5 min read

Have you ever been a bored listener? Have you ever sat across the table from or stood facing someone who started telling you a story that seemed to go on forever? You know the feeling. You want to listen but your mind just keeps drifting off. What can a leader do? I found help with this problem when I heard about and began practicing the art of Active Listening.

Active listening is a powerful tool in the leader’s toolbox. It can transform lives. Carl Rogers was one of the first to recognize the transformational potential of active listening. He believed it had the power to alter a person’s basic personality structure.

I don’t know enough about the persistence of personality to say whether that is true or not, but I do believe in the power of active listening. There seems to exist in human beings a profound need to be understood and it also seems that this need is seldom filled. As capacity expanding leaders, we have the opportunity to invest in the development of others simply by listening to what they have to say.

Notice I said “simply” not “easily”—there is a huge difference. Active listening is not easy (at least it isn’t for me)—It requires great effort and commitment. If you don’t truly believe in its potential for change, you will soon tire of it and regress to your old habits of merely hearing the sound of people’s voices instead of listening.

Listening is more difficult because it requires concentration. In a typical conversation the person supposedly listening is really thinking about how he or she will respond when the other person stops talking. This is possible because the brain works four to five times faster than the mouth. In other words, we get bored and our mind wanders off like a sparrow with attention deficit disorder seeking a more interesting branch where it can perch.

It’s pretty easy to identify the behavior of a poor listener. I know the behavior because I have done it all myself. Poor listeners don’t remember names. They interrupt while the other person is still talking. They complete the other person’s sentences. And they think about how they will respond although the other person has not yet finished talking.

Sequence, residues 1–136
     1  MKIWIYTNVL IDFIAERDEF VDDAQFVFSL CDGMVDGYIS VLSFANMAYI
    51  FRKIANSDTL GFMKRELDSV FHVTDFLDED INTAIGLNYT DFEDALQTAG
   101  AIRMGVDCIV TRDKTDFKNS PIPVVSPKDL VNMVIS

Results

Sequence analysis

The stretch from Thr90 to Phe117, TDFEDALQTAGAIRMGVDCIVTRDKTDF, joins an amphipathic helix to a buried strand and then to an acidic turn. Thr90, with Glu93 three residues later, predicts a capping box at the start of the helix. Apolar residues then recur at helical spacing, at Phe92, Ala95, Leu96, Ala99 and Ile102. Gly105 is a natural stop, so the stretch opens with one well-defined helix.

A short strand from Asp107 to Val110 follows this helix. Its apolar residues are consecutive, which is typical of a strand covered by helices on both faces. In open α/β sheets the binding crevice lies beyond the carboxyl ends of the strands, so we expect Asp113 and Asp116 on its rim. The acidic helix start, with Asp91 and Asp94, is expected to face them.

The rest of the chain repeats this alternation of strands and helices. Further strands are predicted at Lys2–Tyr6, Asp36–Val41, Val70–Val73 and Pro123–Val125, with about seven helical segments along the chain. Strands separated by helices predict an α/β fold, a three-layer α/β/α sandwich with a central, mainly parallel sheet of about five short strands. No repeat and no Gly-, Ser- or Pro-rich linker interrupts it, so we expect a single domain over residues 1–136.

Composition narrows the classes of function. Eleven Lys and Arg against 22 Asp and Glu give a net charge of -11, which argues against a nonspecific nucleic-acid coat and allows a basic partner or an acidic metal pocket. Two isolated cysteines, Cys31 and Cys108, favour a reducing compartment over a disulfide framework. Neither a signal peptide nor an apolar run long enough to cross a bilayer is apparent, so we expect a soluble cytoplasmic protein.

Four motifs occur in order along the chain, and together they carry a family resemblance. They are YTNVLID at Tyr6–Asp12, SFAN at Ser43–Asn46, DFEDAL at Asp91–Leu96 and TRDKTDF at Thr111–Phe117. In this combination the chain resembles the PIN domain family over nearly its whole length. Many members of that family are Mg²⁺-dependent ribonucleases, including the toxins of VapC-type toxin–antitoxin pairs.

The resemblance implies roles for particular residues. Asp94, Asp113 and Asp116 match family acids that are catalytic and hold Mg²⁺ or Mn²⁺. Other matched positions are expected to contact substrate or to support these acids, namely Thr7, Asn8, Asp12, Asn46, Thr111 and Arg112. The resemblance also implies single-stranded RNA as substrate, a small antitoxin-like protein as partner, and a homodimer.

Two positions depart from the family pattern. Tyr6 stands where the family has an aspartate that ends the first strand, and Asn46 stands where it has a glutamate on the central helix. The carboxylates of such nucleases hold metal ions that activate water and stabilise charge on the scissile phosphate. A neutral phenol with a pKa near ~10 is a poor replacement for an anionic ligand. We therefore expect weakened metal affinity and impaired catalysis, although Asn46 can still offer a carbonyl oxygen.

An active listener, on the other hand, takes full responsibility for his or her own understanding. They are not passive. They see the other person’s message as a challenge for interpretation and a rich resource for ideas and insights. Here are some things you can do to practice the art of active listening.

  1. Occasionally rephrase the other person’s comments to make sure you understand correctly. Use statements like: “What I hear you saying is . . .” and follow up with the question: “Is this what you meant?”
  2. Allow for moments of silence. Moments of silence don’t always mean that the other person has completed her thought—just that she is trying to find the best way to express it. Give her time.
  3. Review the speaker’s main points. This helps both of you to stay on track and to see the big picture.
  4. Ask the speaker to clarify points that you don’t understand. If some detail went by that causes you to lose the train of thought, respectfully halt the other person and ask for clarification. “Now… are we still talking about your uncle or is this someone else?” This shows the speaker that you really are interested. It will also help them to take greater effort to speak clearly.
  5. Ask probing questions to help the other person explore and better express his own thoughts. Whereas a clarification question is intended to make the meaning more clear, a probing question is intended to help the other individual explore and formulate their own thinking. You might say: “Can you expand on that?” or “Where does that thought lead you?” Another powerful probe is simply to repeat, word-for-word, a portion of what they just said.
  6. “Repeat.”
    Exactly, because by repeating you are saying: “Yes, I’m with you, go on.”
    “With you.”
    Yes. You want to other person to know that you are hanging on every statement.

  7. Communicate to the speaker that what she is saying is important. You do this by physically leaning forward, nodding your head, taking notes, and maintaining a culturally acceptable level of eye contact.


I have often been a poor listener. But these basic techniques have shown me how to be an active listener. By listening with purposeful intent to understand, the process becomes active rather than passive. Now I can actually get excited and enthused about what the other person is saying. It’s no longer a matter of enduring until he is finished so I can get to what I want to say. I’m now a detective engaged in the pursuit of understanding. I’m seeking out the meaning behind the words and mannerisms of the one talking. I am probing, rephrasing, checking sources, summarizing, looking for the underlying beliefs and interests, and trying to unfold the speaker’s heart and mind.

Try it some time. You will be amazed at the change both in yourself and in your associates.

What do you think? Has listening been as difficult to learn for you as it was for me? Are there some additional things we can do to practice the art of active listening?

Portrait of Dr. Waddell

Dr. Greg Waddell is passionate about helping church leaders equip their people for ministry. He believes there is wild potential in every believer that begs to be released. He can help you develop and implement practical strategies for increasing the ministry capacity of your congregation.


Photo: I’m Listening by Melvin Gaal, July 19, 2010. Licensed under CC BY-NC 2.0.